Rabaul, Papua New Guinea

A panoramic view of Rabaul, Papua New Guinea, which was built on the edge of a flooded caldera, at a place called Simpsons Harbour and is ringed by volcanoes, including Mt. Tavurvur

A panoramic view of Rabaul, Papua New Guinea, which was built on the edge of a flooded caldera, at a place called Simpsons Harbour and is ringed by volcanoes, including Mt. Tavurvur, now misshapen after it erupted in 1994 and buried half the town under ash

 

Rabaul, Papua New Guinea, was built on the edge of a flooded caldera, at a place called Simpsons Harbour and is ringed by volcanoes.  The town was the capital of the province and widely regarded as the most beautiful town in the South Pacific until it was destroyed in 1994 when Mt. Tavurvur erupted.  The resulting ash inundated the town, with the weight of the ash causing the majority of the buildings to collapse.

 

The region around Rabaul, Papua New Guinea, remains seismically active; here hot springs come to the surface at 100 degrees C (212 degrees F) and flow into Simpsons Harbor; Mt. Tavurvur

The region around Rabaul, Papua New Guinea, remains seismically active; here hot springs come to the surface at 100 degrees C (212 degrees F) and flow into Simpsons Harbor; Mt. Tavurvur is in the background on the right

 

A close up of the hot springs, Rabaul, Papua New Guinea

A close up of the hot springs, Rabaul, Papua New Guinea

 

Rabaul has extensive World War II history, as it was the main Japanese headquarters in the South Pacific.  As a tourist destination, Rabaul is popular for SCUBA diving and for snorkeling sites and also offers a spectacular harbor. Because of its war-time history, it attracts many Japanese visitors.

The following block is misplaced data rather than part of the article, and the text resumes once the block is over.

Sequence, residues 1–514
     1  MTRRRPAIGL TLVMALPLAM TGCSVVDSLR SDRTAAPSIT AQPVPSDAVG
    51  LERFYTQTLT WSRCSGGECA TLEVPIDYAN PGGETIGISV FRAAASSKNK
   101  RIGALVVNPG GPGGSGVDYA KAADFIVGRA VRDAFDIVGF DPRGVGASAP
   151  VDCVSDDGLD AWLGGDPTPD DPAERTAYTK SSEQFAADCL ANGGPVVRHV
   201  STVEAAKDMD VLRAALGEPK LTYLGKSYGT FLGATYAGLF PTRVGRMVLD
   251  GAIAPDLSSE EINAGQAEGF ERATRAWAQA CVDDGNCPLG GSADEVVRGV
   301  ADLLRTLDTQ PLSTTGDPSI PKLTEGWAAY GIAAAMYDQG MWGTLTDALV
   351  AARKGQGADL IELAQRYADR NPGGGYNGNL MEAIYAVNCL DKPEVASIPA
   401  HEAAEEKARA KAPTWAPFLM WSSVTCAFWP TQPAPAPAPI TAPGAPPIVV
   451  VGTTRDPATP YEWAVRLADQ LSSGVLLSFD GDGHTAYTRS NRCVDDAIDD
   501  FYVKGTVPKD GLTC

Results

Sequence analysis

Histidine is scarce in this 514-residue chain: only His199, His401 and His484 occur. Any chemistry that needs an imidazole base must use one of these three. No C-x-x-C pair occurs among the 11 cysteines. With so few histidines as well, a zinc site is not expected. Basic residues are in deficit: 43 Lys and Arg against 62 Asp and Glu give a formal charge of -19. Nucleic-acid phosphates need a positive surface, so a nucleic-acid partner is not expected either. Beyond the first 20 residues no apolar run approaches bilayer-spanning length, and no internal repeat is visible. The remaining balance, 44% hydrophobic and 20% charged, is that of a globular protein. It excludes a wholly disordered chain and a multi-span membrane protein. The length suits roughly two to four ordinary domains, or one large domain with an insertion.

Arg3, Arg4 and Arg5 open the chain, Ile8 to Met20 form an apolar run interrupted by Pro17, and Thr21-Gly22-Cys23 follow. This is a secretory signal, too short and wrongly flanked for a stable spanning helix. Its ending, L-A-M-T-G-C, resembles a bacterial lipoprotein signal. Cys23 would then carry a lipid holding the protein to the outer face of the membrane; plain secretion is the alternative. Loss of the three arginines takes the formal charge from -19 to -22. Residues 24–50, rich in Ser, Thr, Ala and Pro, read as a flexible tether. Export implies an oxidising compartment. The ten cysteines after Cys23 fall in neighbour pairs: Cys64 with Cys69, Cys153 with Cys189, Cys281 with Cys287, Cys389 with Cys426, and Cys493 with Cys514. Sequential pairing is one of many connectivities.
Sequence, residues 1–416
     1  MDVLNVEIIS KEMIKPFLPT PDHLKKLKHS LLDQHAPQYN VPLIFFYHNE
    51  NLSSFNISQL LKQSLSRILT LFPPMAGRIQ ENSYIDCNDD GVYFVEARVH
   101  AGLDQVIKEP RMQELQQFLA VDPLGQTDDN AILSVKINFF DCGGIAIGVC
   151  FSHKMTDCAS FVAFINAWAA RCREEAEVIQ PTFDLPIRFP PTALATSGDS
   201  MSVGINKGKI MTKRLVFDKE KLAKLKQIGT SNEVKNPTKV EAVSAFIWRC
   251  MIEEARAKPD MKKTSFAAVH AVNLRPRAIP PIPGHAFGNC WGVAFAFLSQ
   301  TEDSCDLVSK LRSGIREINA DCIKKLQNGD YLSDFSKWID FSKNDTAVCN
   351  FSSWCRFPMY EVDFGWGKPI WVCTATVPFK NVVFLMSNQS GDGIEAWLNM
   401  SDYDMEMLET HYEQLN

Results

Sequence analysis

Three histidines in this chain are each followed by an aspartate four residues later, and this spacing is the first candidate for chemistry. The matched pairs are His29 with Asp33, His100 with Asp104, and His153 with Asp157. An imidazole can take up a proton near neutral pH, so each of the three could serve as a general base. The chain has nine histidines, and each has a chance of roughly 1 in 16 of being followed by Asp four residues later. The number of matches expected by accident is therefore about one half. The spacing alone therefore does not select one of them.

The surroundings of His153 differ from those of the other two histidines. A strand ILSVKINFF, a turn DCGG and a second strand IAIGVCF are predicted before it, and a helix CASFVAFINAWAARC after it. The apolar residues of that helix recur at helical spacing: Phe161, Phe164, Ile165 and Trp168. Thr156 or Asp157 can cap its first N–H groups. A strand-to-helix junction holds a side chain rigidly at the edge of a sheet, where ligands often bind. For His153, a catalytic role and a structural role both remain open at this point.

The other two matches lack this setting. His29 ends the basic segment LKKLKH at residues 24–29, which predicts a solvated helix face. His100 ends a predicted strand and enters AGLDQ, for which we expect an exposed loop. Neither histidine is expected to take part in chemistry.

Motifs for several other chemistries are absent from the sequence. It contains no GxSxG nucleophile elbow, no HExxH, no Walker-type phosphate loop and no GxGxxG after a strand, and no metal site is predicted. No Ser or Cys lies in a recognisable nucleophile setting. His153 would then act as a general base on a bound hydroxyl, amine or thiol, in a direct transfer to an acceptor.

During World War II Rabaul, Papua New Guinea, was seized by the Japanese and used as their headquarters; this is the two room underground bunker used as the working bunker office of the

During World War II Rabaul, Papua New Guinea, was seized by the Japanese and used as their headquarters; this is the two room underground bunker used as the working bunker office of the Admiral of the Pacific, Isoroku Yamamoto, the architect of the Japanese attack on Pearl Harbor, who on 18 April 1943 was killed by a U.S. P-38 Lightning over south Bougainville after taking off from Rabaul on an inspection tour

 

“Rabaul (the word means Mangrove in one of the local languages as it was built on a mangrove swamp) was the headquarters of German New Guinea until captured by Commonwealth troops during World War I.  The Australian administration was moved to Lae in 1937 after an eruption that caused over 500 deaths.  In January 1942, it was heavily bombed; on January 23 thousands of Japanese troops were landed.  By 1943 there were about 110,000 Japanese troops based in Rabaul and around 2,000 local women were forced into prostitution.  The Japanese army dug many kilometers of tunnels as shelter from the Allied air forces and many of these can still be seen today.